a long, long time since she sat upon a rock up there and watched the
little, new fire grow and grow, and the strange shadows spring up from
nowhere and beat it vindictively till it died.
Again she wondered vaguely who had done it; not Keith Cameron, surely,
for Sir Redmond had all but accused him openly of setting the range
afire. Would he stamp out a blaze that was just reaching a size to do
mischief, if left a little longer? No one would have seen it for hours,
probably. He would undoubtedly have let it run, unless--But who else
could have set the fire? Who else would want to see the Pine Ridge
country black and barren? Dick said Keith Cameron would not sit down and
take his medicine--perhaps Dick knew he would do this thing.
As the fighters moved on across the coulee she drove the wagon to keep
pace with them. Often a man would run up to the wagon, climb upon a
wheel and dip a frayed gunny sack into a barrel, lift it out and run
with it, all dripping, to the nearest point of the fire. Her part was
to keep the wagon at the most convenient place. She began to feel the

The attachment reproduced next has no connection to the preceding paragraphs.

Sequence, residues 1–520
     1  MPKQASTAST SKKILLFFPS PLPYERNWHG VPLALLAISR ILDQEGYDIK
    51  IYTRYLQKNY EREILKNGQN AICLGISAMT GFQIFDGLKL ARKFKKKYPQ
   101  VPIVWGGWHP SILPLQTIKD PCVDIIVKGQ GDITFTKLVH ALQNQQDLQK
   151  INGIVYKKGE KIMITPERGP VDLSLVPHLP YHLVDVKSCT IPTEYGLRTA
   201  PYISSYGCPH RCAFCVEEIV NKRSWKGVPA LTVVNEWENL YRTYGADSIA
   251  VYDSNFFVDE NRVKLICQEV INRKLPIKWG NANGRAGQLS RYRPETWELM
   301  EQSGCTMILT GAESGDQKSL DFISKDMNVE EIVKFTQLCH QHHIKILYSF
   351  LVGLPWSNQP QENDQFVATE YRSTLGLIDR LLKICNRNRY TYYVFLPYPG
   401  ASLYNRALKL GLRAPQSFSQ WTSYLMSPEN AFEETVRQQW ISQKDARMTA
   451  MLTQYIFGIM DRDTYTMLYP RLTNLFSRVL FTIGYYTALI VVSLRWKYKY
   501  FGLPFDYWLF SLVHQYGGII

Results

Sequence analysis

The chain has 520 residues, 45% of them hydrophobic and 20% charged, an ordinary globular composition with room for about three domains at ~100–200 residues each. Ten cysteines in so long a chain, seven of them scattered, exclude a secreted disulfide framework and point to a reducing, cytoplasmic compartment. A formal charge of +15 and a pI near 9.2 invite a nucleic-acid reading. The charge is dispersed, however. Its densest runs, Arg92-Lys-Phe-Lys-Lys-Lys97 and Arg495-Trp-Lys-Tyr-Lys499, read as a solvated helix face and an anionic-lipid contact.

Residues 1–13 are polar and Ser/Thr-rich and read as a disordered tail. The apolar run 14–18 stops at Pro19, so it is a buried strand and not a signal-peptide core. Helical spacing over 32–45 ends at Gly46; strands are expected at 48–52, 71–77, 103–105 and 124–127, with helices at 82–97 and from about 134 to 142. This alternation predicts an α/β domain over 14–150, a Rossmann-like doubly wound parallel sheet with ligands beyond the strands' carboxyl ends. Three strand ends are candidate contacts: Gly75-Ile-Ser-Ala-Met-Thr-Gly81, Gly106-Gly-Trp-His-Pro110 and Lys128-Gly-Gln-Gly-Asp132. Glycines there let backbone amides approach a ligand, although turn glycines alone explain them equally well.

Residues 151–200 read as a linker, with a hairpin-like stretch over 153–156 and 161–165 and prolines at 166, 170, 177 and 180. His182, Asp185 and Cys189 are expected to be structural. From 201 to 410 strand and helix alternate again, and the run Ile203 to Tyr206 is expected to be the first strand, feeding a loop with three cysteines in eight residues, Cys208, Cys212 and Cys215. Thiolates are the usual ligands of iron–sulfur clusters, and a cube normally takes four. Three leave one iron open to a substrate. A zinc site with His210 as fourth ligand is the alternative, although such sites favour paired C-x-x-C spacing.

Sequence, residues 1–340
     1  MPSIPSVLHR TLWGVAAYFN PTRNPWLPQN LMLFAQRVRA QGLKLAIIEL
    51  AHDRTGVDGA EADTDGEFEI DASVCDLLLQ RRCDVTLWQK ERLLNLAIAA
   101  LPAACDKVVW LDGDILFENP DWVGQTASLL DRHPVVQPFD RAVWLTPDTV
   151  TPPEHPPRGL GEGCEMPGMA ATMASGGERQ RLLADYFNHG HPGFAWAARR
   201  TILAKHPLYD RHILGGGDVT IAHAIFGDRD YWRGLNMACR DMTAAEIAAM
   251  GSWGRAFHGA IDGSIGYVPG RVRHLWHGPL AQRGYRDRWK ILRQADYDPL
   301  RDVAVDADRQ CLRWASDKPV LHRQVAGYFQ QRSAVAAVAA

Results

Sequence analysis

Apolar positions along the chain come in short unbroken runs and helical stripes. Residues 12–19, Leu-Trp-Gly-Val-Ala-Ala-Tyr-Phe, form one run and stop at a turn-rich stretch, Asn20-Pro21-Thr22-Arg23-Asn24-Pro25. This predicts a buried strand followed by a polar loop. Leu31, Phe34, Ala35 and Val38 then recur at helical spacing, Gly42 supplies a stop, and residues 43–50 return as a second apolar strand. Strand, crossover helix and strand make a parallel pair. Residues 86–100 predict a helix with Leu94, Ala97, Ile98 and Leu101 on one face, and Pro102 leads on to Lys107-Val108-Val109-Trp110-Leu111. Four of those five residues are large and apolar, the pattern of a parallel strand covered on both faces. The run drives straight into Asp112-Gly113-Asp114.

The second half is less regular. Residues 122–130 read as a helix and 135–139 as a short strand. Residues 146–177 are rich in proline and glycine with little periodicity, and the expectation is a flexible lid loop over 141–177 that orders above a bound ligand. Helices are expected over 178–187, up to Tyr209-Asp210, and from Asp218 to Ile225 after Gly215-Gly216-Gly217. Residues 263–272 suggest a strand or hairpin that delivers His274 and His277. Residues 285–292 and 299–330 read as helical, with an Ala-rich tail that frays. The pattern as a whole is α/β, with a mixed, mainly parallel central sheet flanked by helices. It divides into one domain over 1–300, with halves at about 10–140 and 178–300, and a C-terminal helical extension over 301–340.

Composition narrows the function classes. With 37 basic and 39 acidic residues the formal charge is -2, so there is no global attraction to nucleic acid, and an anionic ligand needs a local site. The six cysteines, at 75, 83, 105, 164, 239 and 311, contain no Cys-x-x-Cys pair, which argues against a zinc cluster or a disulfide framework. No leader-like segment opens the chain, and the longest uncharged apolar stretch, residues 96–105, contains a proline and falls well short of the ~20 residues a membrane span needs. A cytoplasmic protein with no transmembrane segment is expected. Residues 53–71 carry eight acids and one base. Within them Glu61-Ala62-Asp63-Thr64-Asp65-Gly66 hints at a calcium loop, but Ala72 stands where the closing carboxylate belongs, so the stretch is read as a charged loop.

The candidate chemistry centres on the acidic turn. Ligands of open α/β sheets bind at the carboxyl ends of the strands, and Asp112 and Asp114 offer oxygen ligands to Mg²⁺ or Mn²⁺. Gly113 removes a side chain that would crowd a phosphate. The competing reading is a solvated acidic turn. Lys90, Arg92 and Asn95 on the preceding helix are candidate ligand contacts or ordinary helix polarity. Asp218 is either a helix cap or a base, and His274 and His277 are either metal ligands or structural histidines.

importance of her position, and to take pride in being always at the
right spot. From the calm appreciation of the picturesque side, she
drifted to the keen interest of the one who battles against heavy odds.
The wind had veered again, and the flames rushed up the long coulee
like an express train. But the path it left was growing narrower every
moment. Keith Cameron was doing grand work with his crew upon the other
side, and the space between them was shortening perceptibly.
Beatrice found herself watching the work of the Cross men. If they were
doing it for effect, they certainly were acting well their part. She
wondered what would happen when the two crews met, and the danger was
over. Would Sir Redmond call Keith Cameron to account for what he had
done? If he did, what would Keith say? And which side would Dick take?
Very likely, she thought, he would defend Keith Cameron, and shield him
if he could.
Beatrice found herself crying quietly, and shivering, though the air was
sultry with the fire. For the life of her, she could not tell why she
cried, but she tried to believe it was the smoke in her eyes. Perhaps it
The sky was growing gray when the two crews met. The orange lights were